The stroke continuum model below describes the elements of stroke care that patients and families experience on their journey with stroke. Your journey recovering after stroke will be unique and may not be a straight line through this continuum.
Awareness is about giving people the information they need to recognize and respond to stroke.
Primary prevention of stroke means managing risk factors to stop a first stroke or TIA event from happening. It usually happens in the home or in community based settings such as your family doctor’s office, when a doctor, nurse, pharmacist or patient starts a conversation about reducing stroke risk.
Acute stroke management generally refers to the care you receive within the first five to seven days after a stroke. This includes the hyper-acute and acute phases of stroke care. Hyper-acute care focuses on urgent assessment to identify the type and cause of the stroke. Where possible, it focuses on reducing the impact of the stroke and protecting the brain with medical therapies. Acute care focuses on medical management of the stroke, initial assessment by the multidisciplinary team, and planning for the next phase of care to promote recovery.
Secondary prevention of stroke is managing known risk factors to prevent another stroke or TIA from happening. Secondary prevention can take place in a variety of settings, including acute care, stroke prevention clinics, and community-based care settings such as your family doctor’s office.
Stroke rehabilitation is the active, assisted, and goal-directed recovery process that generally occurs over the first few months after stroke. Stroke rehabilitation helps people continue to live as independently as possible after a stroke, and to adjust to the physical and mental changes caused by a stroke. In stroke rehab, a team of health professionals works with a patient to regain skills lost as the result of a stroke. Rehab starts in the hospital and continues at a rehab centre or at home.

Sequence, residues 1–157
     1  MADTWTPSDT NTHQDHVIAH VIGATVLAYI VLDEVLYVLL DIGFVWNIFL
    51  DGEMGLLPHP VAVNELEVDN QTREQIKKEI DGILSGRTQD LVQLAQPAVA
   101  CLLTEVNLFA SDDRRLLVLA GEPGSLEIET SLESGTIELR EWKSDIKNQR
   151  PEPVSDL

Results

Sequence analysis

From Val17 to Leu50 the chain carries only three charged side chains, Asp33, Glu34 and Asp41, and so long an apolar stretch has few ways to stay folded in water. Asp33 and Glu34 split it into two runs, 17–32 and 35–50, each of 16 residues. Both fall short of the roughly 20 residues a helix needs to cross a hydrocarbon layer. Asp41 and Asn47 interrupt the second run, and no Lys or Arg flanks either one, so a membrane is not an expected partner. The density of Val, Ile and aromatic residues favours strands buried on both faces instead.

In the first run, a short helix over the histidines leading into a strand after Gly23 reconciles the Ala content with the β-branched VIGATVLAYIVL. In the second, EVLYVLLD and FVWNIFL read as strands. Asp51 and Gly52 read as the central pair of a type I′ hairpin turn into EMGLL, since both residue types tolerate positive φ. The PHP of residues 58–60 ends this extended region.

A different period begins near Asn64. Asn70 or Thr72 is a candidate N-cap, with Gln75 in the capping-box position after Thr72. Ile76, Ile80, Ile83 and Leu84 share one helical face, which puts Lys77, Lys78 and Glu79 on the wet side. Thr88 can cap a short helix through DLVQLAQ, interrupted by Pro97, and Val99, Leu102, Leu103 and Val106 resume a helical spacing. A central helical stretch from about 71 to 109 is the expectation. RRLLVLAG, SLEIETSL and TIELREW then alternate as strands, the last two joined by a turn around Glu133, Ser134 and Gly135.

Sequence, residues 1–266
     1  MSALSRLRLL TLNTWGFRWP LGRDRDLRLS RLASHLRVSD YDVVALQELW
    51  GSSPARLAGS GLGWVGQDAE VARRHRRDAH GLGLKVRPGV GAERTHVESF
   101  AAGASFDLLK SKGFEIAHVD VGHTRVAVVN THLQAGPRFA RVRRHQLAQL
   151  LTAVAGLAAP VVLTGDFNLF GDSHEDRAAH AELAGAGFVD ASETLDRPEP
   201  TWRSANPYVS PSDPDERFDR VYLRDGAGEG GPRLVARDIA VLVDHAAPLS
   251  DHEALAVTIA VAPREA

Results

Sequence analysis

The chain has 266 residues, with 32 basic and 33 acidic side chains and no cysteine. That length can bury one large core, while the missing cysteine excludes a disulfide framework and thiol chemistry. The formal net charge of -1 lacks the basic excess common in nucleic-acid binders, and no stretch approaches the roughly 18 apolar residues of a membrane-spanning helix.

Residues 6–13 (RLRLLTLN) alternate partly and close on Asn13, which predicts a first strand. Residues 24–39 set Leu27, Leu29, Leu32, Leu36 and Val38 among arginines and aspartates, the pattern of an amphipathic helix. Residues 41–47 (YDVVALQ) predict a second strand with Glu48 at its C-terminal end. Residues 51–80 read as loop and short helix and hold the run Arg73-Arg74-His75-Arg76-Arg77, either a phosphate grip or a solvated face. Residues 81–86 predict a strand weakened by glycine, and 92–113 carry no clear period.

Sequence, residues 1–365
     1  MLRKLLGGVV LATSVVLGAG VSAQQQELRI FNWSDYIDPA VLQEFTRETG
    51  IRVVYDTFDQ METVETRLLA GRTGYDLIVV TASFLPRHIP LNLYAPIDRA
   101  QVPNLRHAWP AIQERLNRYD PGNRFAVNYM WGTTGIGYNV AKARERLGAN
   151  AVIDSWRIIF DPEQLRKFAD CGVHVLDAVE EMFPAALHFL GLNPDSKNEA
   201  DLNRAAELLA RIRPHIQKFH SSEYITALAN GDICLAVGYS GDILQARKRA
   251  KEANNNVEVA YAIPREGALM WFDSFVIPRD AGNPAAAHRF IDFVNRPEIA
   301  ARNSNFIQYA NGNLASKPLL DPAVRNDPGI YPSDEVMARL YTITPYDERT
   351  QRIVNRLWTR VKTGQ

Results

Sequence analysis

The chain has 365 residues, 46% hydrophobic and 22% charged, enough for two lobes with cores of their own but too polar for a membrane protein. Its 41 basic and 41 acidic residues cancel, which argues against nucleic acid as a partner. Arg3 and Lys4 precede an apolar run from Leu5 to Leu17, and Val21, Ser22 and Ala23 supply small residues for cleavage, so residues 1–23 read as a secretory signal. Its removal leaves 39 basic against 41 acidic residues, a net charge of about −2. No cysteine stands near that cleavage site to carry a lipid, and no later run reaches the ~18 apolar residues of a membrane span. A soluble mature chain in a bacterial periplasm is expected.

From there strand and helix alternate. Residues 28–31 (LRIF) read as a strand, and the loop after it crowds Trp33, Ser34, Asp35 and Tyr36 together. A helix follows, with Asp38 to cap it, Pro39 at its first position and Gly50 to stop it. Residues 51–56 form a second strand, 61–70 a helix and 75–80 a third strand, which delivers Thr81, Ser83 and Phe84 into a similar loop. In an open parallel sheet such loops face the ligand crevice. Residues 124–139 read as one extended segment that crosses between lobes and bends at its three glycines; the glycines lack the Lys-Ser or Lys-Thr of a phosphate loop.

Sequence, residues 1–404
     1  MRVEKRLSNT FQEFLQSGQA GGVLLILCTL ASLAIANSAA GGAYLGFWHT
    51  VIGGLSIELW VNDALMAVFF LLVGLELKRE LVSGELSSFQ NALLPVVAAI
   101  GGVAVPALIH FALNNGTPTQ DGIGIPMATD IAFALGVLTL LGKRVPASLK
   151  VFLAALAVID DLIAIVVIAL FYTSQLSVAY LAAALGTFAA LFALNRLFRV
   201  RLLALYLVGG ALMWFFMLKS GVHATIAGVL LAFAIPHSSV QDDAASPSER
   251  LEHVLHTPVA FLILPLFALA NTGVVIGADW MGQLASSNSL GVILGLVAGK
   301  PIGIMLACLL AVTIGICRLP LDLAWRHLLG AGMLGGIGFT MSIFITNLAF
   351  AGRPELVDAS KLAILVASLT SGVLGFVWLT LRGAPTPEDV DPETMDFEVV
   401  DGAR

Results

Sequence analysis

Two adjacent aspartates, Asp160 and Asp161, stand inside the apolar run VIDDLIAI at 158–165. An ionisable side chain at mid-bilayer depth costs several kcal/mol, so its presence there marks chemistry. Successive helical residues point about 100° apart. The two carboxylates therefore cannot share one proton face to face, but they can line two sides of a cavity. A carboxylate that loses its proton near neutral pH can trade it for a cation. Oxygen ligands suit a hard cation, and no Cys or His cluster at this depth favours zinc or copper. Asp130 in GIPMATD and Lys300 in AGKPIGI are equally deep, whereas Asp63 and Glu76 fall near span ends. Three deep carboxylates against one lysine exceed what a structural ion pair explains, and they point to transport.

Stroke recovery and community participation is when a person is no longer actively involved with the health care system and is resuming their day-to-day life after stroke.
End-of-life stroke care is the management and care for patients and families when stroke results in death. This may occur early after the stroke or may be some time later as a result of complications from the stroke.
Transitions in care happen between each of these stages. The periods of transition can be unsettling times as people adapt to living with stroke. Talking with your doctor and health care team to ensure that you and your family are prepared for upcoming transitions can help them feel more successful.
The Heart and Stroke Foundation and Stroke Recovery Association of BC have a number of guides, videos and listings of community resources and services to help you navigate your way through the continuum of stroke care.